"It all depends," said Gus,  "Of course it pays to have punctures fixed and it sometimes pays to have blow-outs fixed if the trouble is a bad cut when the tire's nearly new.  But when a blow-out is caused from wear and old age-buy yourself a new shoe.  Some people don't mind buying tires for cheap, light cars, but think that tires for more expensive cars should be fixed. That's the bunk. Doesn't the heavy car need better support?  Isn't it more likely to be damaged by a blow-out?"  

"The big tires cost more," Stoddard objected.  "Why not try to make them wear longer?"         

"Tires for a medium car cost far less now than most tires did a few years ago.  "Gus replied.  "I can remember paying exactly fifty dollars and twenty five cents for two new tires with tubes back in 1917 or 18.  Twenty dollars will buy you a much bigger and better tire today.  Besides, the price of tires is almost in proportion to the price of cars, so if a man can afford a big car, he can afford to keep its wheels properly shod.  The way to save on tires is to treat them so they'll give you plenty of mileage before they start to go bad."

  "How can you do that?"  asked Stoddard. 

"Well," said Gus, "one thing you can do is to figure out how much your tires ought to bulge at the road surface where they're properly inflated and then keep them in that bulge by changing the pressure to suit the load in the car.  It's simple enough.  You inflate the tires to the recommended pressure.  Then with your eye directly in line with the center of the rear shoe, and a full load of passengers aboard, make two lines on the garage floor so they appear to touch the sides of the shoe at the bulge.  Now let the passengers get out and you'll see that the bulge shrinks away from the tires.  Let out the air till the bulge swells out to the tire again and check the pressure.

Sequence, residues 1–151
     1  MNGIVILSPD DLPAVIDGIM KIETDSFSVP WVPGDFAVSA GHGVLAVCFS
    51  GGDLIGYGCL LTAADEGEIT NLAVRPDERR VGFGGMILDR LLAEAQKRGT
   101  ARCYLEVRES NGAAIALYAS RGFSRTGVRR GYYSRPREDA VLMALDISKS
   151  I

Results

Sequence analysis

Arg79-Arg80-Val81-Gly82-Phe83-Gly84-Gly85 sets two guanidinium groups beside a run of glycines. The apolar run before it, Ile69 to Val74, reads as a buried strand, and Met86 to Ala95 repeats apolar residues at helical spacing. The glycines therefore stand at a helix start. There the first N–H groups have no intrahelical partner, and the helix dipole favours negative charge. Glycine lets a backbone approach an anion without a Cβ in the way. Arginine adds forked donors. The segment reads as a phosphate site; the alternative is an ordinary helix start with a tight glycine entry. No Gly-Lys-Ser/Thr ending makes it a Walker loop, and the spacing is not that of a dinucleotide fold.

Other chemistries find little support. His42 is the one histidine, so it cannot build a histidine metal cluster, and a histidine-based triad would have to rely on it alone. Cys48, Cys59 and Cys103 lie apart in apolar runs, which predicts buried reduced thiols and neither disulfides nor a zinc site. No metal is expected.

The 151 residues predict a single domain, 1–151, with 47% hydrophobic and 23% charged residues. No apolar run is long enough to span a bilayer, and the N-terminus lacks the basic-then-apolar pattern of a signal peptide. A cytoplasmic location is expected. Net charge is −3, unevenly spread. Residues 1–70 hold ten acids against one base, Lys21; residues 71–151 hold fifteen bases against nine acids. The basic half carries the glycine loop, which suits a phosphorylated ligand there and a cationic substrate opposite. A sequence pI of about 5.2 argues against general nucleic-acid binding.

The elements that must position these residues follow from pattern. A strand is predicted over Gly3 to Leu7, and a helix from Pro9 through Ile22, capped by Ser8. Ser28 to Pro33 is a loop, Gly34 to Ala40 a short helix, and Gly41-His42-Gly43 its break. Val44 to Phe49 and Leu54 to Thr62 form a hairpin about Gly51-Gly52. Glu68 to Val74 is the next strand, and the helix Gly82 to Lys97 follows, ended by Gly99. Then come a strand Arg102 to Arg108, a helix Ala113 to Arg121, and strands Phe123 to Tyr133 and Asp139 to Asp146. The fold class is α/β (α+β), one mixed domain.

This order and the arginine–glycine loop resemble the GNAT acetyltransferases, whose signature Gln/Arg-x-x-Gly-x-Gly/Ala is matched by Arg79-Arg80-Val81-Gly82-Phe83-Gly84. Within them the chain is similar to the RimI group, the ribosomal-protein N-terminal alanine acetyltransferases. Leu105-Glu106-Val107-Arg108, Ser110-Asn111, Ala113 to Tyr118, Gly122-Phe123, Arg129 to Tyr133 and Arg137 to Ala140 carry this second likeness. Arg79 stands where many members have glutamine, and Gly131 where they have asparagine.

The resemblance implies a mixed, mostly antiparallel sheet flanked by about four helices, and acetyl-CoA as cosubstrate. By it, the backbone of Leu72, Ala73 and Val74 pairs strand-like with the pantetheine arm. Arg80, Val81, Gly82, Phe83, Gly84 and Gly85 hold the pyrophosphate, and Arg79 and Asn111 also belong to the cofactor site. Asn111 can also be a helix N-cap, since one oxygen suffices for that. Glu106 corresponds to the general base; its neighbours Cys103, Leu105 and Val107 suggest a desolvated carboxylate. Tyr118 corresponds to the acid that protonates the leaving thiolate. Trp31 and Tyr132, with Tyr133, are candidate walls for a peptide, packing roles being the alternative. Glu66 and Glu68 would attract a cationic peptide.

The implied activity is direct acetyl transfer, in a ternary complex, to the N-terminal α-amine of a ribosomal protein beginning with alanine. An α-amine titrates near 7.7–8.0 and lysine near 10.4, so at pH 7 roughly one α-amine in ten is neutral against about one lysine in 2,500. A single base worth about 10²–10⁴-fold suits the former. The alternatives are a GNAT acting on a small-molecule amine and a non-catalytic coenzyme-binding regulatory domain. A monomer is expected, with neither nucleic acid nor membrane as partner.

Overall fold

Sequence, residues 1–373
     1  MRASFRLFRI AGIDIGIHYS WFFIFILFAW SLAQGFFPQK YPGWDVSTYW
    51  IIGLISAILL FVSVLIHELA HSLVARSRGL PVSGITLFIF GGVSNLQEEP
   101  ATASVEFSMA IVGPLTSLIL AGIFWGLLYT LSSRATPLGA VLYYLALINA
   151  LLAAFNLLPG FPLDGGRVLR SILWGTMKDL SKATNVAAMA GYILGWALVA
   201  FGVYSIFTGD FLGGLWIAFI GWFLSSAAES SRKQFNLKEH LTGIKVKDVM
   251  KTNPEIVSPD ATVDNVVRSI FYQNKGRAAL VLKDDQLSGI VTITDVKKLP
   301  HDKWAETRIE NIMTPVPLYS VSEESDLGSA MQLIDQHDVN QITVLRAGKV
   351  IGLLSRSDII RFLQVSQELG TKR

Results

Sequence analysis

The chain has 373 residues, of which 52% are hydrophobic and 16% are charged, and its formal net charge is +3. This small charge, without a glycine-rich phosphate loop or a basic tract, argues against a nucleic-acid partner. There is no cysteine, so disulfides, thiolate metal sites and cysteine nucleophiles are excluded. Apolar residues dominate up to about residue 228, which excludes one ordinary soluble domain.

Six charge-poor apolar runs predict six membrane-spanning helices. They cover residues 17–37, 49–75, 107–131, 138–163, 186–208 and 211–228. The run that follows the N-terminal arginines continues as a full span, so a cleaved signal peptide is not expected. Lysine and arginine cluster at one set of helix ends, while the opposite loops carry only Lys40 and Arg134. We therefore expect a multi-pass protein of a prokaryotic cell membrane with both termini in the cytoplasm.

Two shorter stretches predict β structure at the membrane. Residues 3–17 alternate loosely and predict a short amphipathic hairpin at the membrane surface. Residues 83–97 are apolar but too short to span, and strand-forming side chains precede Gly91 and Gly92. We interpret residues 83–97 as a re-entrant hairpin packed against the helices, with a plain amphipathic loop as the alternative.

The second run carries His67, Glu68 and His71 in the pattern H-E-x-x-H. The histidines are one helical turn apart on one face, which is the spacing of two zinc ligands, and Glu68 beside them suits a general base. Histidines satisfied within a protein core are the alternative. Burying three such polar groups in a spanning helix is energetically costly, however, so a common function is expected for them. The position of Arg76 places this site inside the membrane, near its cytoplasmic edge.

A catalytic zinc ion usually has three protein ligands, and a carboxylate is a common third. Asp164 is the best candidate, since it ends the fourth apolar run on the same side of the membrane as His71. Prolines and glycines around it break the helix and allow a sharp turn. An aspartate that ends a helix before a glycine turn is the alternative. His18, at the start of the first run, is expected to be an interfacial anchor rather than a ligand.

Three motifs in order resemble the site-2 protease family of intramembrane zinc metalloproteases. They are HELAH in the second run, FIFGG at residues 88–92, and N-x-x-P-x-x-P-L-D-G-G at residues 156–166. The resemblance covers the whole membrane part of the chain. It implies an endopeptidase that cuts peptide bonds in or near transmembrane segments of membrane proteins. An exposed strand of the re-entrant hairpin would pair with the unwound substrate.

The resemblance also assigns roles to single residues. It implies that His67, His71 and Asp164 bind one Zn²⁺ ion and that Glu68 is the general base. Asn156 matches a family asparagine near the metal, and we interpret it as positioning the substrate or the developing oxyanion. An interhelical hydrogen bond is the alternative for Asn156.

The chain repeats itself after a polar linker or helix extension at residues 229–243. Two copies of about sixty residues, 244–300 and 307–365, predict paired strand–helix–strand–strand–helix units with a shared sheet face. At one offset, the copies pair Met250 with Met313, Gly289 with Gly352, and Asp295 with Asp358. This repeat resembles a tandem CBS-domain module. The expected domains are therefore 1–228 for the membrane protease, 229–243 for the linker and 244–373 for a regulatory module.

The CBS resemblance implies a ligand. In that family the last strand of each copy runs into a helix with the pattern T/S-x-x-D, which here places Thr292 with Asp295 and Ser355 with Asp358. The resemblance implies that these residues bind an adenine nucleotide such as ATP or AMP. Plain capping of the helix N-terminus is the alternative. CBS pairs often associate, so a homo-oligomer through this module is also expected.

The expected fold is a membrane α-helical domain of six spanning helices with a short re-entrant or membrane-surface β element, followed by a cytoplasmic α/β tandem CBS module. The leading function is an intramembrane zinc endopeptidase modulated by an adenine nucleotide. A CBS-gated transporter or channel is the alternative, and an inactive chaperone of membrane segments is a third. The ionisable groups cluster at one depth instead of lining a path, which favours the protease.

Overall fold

"You'll get a bit smoother riding and longer life out of the tires if you keep them inflated exactly to the right point all the time.  This idea of pumping the tires only when you can see they're beginning to get flat means blow-outs and junked tires. 

"Another thing", Gus continued.  When you start on a trip with extra passengers and a lot of baggage do you put more air in your tires?"

  "No, is that necessary?"

"Certainly," Gus emphasized.  "There ought to be enough more air in the tires or they show only the normal bulge. "

"What else is there I can do to make 'em last longer?"  Stoddard asked.

 "Plenty," laughed Gus.  "Flashy get-aways are tough on tires.  So are quick stops.  Rubbing the sides of the tires against curbs is another way to kill mileage.  And when you pick a service station, try and find one where the service man knows how to get a shoe on without pinching the tube.  Lots of flats come from pinched tubes."

 "Well," hesitated  Stoddard, "I think I'll fix the tire this time anyhow, but when it blows maybe I'll take your advice.  

"You were just wasting your breath on that bird," Joe remarked as Stoddard drove away.

"I'm used to it," Gus grinned.  "But you and I would have a tough time making a living if it was possible to make the average owner take proper care of his car."